Antique wedding ducks.
The female is on the left, the male (with the broader bill) is on the right. The ducks facing each other indicates harmony in the marriage.
|Revised Romanization||Won-ang seteu|
Wedding ducks (Hangul: 원앙세트; lit. Mandarin duck set) are a pair of duck carvings (traditionally Mandarin ducks) that are used in Korean wedding ceremonies, and often given as marriage gifts. Mandarin ducks are chosen because it is believed that, unlike other types of ducks, they mate for life, and that if one of the pair dies, the other will mourn. For Koreans, Mandarin ducks represent peace, fidelity, and plentiful offspring.
History and carving
Originally, a man who wished to marry would purchase pairs of live ducks or geese to give as a gift to the family of a the prospective bride. That tradition gave way to using wooden ducks in place of live animals. A couple would select a man to carve their wedding ducks who was honourable, and a good friend. Additionally, the man should have "five fortunes" to be a suitable carver because it was believed that these fortunes would be imparted to the ducks and transferred to the couple who received them. The five fortunes of the carver are that he should:
1. Be wealthy.
2. Be in good health.
3. Have a good wife.
4. Not have been divorced, nor should he have relatives who have been divorced.
5. Have many sons.
The fifth fortune about the sons is consistent with the Confucian emphasis on family strength and proliferation. This fortune also indicates that the man must maintain a good relationship with all of his sons. If the man has many children, but have only two are with him when he dies, he can only say he has two children.
While carving, the man would pray for happiness, peace, prosperity, and abundant offspring. The carver would do the work for free because it was considered an honor to be asked to carve wedding ducks. He should also not carve more than one set of ducks in his lifetime because with each carving he shares some of his five fortunes.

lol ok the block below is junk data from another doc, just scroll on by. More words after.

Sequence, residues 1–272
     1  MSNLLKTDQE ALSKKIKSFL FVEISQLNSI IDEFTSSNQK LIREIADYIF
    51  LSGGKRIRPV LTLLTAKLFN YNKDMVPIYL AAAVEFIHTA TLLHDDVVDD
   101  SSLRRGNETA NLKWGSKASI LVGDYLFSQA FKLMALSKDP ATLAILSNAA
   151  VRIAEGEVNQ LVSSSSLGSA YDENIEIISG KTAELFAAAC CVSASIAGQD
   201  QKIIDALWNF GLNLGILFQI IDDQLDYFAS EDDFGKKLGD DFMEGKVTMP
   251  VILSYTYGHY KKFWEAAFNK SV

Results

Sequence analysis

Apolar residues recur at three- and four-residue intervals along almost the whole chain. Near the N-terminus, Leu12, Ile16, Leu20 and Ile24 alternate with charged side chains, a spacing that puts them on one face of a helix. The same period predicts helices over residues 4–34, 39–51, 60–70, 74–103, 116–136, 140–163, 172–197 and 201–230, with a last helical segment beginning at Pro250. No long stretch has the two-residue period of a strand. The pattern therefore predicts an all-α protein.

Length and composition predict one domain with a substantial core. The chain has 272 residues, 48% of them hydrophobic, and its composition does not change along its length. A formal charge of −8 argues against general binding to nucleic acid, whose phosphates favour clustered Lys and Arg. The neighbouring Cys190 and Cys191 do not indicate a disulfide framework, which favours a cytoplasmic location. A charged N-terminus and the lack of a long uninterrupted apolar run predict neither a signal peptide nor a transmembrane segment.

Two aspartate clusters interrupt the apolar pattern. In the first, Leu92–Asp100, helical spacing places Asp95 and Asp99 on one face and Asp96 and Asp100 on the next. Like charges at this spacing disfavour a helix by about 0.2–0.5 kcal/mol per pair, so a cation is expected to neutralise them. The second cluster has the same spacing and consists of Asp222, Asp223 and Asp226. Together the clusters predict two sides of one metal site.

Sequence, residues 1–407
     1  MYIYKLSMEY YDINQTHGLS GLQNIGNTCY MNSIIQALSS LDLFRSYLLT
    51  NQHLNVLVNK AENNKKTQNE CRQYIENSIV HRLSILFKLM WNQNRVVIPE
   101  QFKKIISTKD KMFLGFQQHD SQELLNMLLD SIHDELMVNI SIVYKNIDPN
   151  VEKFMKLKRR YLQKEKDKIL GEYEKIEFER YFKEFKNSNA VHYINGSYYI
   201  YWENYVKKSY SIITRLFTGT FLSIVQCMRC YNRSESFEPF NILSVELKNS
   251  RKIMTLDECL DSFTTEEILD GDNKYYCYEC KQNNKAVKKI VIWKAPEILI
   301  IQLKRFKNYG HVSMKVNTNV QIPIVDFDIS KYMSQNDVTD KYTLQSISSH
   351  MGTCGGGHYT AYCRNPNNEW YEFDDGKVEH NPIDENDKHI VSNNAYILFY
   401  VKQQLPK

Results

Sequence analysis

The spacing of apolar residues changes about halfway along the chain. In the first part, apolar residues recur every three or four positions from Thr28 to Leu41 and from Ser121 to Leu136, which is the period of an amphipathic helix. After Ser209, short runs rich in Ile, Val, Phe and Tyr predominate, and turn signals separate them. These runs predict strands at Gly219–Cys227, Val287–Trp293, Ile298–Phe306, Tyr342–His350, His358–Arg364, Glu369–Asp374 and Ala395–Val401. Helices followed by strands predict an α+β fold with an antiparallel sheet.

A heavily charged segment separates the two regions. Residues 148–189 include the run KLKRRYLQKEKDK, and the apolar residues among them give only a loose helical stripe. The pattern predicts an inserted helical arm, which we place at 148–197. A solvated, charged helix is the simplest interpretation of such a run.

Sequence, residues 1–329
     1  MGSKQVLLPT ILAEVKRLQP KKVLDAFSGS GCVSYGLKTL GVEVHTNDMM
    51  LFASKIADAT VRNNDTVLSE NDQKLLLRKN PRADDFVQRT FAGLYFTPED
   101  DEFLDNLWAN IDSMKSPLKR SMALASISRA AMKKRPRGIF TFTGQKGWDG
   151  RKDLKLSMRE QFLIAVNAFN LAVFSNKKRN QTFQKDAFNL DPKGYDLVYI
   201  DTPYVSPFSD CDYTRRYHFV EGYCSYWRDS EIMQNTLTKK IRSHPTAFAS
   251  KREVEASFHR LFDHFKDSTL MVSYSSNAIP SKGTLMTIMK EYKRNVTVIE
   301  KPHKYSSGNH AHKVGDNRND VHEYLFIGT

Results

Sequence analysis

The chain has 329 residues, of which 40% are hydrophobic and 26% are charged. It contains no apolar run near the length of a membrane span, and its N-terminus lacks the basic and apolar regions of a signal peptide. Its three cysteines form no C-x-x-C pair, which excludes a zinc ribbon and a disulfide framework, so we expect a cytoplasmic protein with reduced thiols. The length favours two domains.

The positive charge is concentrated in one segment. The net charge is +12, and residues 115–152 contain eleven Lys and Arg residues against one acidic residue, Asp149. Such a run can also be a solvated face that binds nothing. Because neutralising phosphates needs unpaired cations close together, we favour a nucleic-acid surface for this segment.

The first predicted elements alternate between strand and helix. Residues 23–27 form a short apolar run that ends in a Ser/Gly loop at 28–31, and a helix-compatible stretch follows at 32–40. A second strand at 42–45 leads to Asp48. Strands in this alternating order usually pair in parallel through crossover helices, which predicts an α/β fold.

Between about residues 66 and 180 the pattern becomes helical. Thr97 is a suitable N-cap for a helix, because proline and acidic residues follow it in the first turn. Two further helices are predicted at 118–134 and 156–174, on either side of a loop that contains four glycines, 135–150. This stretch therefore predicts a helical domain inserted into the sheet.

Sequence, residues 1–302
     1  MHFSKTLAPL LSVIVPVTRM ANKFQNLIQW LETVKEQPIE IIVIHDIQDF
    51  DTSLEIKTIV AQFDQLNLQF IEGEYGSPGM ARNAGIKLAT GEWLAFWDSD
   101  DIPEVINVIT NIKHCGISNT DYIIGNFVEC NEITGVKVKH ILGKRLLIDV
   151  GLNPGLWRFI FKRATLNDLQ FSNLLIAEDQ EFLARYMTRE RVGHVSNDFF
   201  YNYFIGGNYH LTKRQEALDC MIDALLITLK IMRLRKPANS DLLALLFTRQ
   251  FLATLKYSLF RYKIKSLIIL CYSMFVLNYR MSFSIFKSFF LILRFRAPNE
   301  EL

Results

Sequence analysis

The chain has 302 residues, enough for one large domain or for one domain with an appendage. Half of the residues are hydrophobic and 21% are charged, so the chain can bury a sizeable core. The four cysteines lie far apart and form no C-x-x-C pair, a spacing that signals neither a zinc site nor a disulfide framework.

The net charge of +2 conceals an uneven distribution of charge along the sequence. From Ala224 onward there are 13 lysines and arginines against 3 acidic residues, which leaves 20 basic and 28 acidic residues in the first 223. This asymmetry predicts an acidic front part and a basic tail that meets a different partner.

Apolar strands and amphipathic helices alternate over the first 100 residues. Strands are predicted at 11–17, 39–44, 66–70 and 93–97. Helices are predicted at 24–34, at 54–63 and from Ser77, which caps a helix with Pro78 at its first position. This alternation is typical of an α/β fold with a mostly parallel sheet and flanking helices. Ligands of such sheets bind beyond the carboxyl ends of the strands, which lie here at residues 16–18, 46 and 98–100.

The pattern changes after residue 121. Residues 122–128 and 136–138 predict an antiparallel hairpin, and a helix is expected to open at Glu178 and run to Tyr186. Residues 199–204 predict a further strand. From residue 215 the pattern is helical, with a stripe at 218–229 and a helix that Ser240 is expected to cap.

Modern wedding ducks are most often mass-produced. Female ducks are usually red, the males blue. The female duck may have a ribbon tied around her beak as a sign that the wife should be quiet and support her husband. It's also common to see a ribbon around both ducks' beaks signifying that silence is a virtue. Wedding ducks are often purchased as souvenirs by tourists and can be found for sale at most tourist attractions in South Korea.
Wedding ducks are not common place at weddings today, although they may be included in more traditional ceremonies. If they are included, before the ceremony begins the ducks are wrapped in cloth leaving only the necks and heads exposed. When the bride arrives, the wrapped ducks are placed on a table where the ceremony will take place. After the couple is pronounced husband and wife, the mother of the groom tosses the female duck to her daughter in law. If the bride catches the duck in her bridal apron, then it is believed that her first child will be a boy, If she misses, a girl.
After the wedding, the ducks are displayed prominently somewhere in the couple's home. If there is harmony between the husband and wife, then the ducks are oriented facing each other, bill to bill. If the couple is arguing, they may turn one or both ducks so that they're facing away from each other. The ducks are commonly handed down as gifts from mother to daughter.
- Susan Chira (5 October 1986). "TIPS FOR THE SOPHISTICATED TRAVELER: SUPER SOUVENIRS; The Happy Couple: Korean Wedding Ducks". The New York Times Magazine. Retrieved 30 June 2013.
- "THE KOREAN WEDDING DUCK". Korean-arts.com. Retrieved 1 July 2013.
- "Wedding ducks". http://traditionscustoms.com/. Retrieved 30 June 2013.